All bets are off for binary options

04 April 2019. Published by Lucy Kerr, Senior Associate

Following consultation, the Financial Conduct Authority (FCA) announced on 29 March 2019 that, as of 2 April 2019, the sale, marketing and distribution of binary options (including securitised binary options) to retail consumers will be prohibited indefinitely.

This development should come as no surprise, given the similar prohibition announced by the European Securities and Markets Authority (ESMA) on 1 June 2018 (reported here).  The FCA began its consultation on a proposed prohibition in December 2018.

Binary options are products where a bet is made on the difference between the entry and exit prices of an underlying asset, to be measured after a set period of time.  Key to the definition of such instruments is that the potential payment available to investors is set from the outset, and the outcome is "all or nothing".  The FCA believes that there is an inherent risk to retail consumers from such products, such as their complex pricing structure and highly speculative nature making them akin to gambling products, and promoting addictive behaviours in a similar way.

In its policy statement, the FCA has taken pains to confirm the position post-Brexit, confirming that it intends that the rules will continue to apply to the same firms as they applied under EU law pre-Brexit.  Whilst the FCA has also confirmed that compliance with the FCA's rules will necessarily mean compliance with the ESMA equivalent, there are a few key differences which should be highlighted:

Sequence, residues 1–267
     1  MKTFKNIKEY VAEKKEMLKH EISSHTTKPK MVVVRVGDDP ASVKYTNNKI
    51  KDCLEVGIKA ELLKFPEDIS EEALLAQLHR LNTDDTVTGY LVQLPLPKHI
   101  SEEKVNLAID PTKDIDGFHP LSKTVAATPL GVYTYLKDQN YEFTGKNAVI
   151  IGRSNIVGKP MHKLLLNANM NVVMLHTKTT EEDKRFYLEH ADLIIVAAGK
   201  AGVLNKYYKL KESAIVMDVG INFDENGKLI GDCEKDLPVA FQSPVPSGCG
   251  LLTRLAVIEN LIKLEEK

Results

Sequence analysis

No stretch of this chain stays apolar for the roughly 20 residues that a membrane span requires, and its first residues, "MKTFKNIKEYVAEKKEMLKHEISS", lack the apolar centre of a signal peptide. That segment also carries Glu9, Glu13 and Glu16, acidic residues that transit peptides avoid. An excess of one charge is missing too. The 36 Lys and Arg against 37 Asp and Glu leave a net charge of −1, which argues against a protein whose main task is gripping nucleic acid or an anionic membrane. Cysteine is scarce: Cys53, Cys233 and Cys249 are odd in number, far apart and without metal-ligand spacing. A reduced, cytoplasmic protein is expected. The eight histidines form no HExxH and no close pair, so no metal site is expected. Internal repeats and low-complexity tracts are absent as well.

• ESMA has authority to impose restrictions for a three month period only, therefore its prohibitions must be renewed to remain in effect (ESMA's latest renewal will also take effect on 2 April 2019, for a period of three months), whereas the FCA's rules are made on a permanent basis; and

  • the FCA's prohibition is more wide ranging than ESMA's, taking in securitised binary options which are exempt from ESMA's ban.

On the second point, the FCA has addressed the view (raised by respondents to its consultation) that securitised binary options do not expose retail consumers to the same amount of risk as "over-the-counter" binary options.  The FCA found that whilst securitised binary options are arguably less prone to aggressive marketing, and their longer duration may limit the risk of compulsive gambling behaviour, it still considers the products pose an "inherent risk of harm to retail consumers", which is not sufficiently reduced by the additional features of securitisation such as being sold with a prospectus.

The FCA's concerns with binary options appear to be, at least partly, due to the probability of retail consumers being left with less than their initial investment: in responding to respondents' requests for clarification, the FCA has noted that structured products where the lower of two pre-determined fixed amounts is at least equal to the retail consumer's total payment (i.e., the consumer is guaranteed to get at least their investment back) will not be considered to be binary options.

The prohibition comes into force on 2 April 2019, and will impact UK MiFID investment firms and EEA MiFID investment firms who are marketing, distributing or selling binary options in, or from, the UK to retail clients.